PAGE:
Artist Interview: Agy Wilson

Do you ever find yourself coloring an illustration that you love and wondering about the artist who drew it? Personally, I’m a huge fan of getting the “inside scoop” on my favorite creative minds. So, I thought it would be fun to start interviewing a few creators of adult coloring books.

My first interview for this blog feature is Agy Wilson. Agy is working on her second all-ages coloring book. Her first book, Precious Pets: Kittens & Puppies & Old Places is available through Amazon and CreateSpace. Her followup coloring book, Angels & Fae: Fabulous & Fantastic Female Forms will hopefully be available by the end of this month.

If you’re a fan of Agy’s work, you can follow her online at www.agywilson.com or via Facebook.

When did you first start drawing?

I’ve been drawing for as long as I can remember. My dad was a paper engineer, specializing in designing papers and paper coatings. So, I was spoiled rotten with that. If people wanted to shut me up, they’d send me off drawing. It still keeps me occupied.

How would you describe your artistic style?

I actually have a few styles. I studied then taught calligraphy for about 35 years and designed rubber stamps for awhile. I call it a semi realistic. But I also do caricatures and cartoons, so I’m a bit all over the place. I want to create the piece of art that is suited to the idea or piece of work. 
 
Do you have any mentors who have influenced your work?

I look at many people’s works. Most of the influence has come more from painters and illustrators. I write and illustrate for children, but I was one of those weird brainiac kids, so most of my stuff is the stuff I would have loved or found interesting at the age I’m writing for. Kid’s illustrators I love include Pat Polacco, Ponder Goembel, Kadir Nelson, Floyd Cooper, John Steptoe, Lita Judge, and Will Terry, to name a few. I love well conceived and executed work.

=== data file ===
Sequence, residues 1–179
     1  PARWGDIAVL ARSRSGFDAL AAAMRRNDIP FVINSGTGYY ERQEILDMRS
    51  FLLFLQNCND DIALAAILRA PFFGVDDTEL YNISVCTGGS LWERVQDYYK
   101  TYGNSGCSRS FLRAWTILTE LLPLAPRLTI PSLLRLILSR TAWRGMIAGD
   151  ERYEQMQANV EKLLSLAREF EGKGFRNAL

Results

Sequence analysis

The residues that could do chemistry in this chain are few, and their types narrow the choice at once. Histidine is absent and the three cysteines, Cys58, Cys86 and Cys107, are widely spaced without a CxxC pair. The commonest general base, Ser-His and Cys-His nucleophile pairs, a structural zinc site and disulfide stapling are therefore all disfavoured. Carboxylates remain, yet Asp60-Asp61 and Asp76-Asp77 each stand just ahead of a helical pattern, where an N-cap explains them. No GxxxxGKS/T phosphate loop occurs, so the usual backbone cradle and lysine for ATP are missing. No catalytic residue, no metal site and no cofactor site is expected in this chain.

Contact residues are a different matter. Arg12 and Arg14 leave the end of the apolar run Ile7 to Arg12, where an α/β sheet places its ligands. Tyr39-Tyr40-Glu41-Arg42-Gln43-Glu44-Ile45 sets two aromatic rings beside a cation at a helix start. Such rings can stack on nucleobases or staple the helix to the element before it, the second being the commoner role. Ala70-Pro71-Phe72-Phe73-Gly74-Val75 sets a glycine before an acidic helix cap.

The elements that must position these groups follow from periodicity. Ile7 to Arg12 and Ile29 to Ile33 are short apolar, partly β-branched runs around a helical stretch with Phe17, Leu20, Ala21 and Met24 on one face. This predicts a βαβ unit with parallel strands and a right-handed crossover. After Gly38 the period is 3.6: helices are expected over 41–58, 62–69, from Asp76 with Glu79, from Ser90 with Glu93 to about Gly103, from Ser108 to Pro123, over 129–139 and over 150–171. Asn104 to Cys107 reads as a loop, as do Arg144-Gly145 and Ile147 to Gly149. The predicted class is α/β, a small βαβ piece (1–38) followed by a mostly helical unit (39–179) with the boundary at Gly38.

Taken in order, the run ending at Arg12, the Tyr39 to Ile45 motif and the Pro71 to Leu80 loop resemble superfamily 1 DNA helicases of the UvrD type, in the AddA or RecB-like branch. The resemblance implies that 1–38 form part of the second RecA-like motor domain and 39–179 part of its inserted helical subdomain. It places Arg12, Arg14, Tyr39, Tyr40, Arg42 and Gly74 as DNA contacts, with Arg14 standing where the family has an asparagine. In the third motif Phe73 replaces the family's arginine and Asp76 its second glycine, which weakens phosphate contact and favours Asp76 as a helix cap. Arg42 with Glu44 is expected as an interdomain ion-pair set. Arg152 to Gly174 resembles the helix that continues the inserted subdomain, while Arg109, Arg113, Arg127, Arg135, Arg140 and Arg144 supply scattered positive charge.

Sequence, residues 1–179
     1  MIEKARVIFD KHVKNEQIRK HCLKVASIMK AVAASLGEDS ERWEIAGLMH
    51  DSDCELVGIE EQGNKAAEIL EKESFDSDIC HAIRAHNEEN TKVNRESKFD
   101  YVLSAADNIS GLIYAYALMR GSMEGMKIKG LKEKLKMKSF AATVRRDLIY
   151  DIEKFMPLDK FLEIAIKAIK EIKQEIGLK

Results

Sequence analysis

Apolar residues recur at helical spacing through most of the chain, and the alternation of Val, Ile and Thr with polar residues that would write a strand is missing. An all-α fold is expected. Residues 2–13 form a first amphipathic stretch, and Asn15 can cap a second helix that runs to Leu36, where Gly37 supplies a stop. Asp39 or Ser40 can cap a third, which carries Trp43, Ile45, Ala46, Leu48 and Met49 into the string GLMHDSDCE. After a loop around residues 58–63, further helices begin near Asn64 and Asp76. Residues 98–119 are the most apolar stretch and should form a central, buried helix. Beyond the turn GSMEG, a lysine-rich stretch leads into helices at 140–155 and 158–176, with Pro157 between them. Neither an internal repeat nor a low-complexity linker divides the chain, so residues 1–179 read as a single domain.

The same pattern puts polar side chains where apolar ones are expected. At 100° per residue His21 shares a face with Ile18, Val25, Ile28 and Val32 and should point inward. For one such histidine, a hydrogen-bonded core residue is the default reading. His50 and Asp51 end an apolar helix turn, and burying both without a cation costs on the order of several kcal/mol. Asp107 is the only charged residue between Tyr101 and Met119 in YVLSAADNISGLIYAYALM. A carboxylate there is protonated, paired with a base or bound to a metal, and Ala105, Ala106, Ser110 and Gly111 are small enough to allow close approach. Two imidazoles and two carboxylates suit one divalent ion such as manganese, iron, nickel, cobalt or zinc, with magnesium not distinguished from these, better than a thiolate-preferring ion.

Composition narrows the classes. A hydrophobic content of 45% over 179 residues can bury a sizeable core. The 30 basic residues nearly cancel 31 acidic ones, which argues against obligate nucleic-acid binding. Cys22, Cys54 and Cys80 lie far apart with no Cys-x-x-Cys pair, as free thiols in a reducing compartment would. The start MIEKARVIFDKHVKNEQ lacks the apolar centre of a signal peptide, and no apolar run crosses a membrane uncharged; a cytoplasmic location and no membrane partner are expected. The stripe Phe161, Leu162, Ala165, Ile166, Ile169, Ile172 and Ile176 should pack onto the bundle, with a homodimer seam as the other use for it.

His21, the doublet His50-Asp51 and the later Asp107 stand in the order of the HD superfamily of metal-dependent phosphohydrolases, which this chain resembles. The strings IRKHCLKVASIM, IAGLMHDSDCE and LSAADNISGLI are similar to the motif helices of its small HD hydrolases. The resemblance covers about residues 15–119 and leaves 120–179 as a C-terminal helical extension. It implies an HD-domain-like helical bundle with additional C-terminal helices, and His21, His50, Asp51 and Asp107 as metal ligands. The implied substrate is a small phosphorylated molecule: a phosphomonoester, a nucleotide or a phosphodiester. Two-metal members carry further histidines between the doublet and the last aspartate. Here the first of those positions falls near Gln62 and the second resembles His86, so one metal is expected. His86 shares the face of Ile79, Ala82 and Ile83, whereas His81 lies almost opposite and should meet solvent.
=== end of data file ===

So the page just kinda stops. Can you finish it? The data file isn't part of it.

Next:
In your opinion, why has adult coloring become such a popular hobby?

There are many reasons. A few years ago, I was telling people this was a thing, and no one would believe me. However, I would have people “secretly” share with me that they did this and wished they were able to draw.

I think we ALL have a creative drive that is easily thwarted. Coloring speaks to it in a way that isn’t threatening and comforting. Many people color with kids they love. It harkens back to easier times. When you become immersed in what you do. If  you’re enjoying, it literally changes your brain. Your brain releases endorphins and you can often go into a zen/alpha wave state. It’s a healthy way to destress and honor the creative you, all for a very little bit of money.

What’s your personal favorite medium for coloring?

Right now, it’s all about the Photoshop. My eyes are challenged, so I can blow things up, and there’s so many neat things to play with. But I actually love working in coloring pencils — I’m a big Prisma and Derwent fan. I used to love to work in Sanford watercolor based markers and water. The truth is I’m not a colorer, per se, and never was good at it as a kid. I hated staying in the lines, and often found the lines wanting (I love a nuanced scribal line! Nothing like a great flourish!), but I do love coloring my own work.

Do you have any coloring tips to share?

It really does depend on your material. If you use a water-based color, you can sometimes pick up “mistakes” by re-wetting and then sopping up. and carefully “pick” out the color with an X-acto by removing the top fibers of paper. But the paper has to be a good one and you must be VERY careful. You can also add salt to watercolor based paintings for an interesting effect, and protect whites and some colors using rubber cement or maskit.

If you’re using  coloring pencils, be careful NOT to drop them. If your lead keeps breaking off, it’s probably because it was dropped. You can use a colorless blender with Prisma colors (or a white or cream if you want a tint) though I would suggest that building up the color so the surface goes from light to dark and is saturated. You can also use a small bit of acetone (nail polish remover) on a Q-tip to blend.  Again good paper.

Finally, YouTube can be your best friend. I love watching process videos there. 

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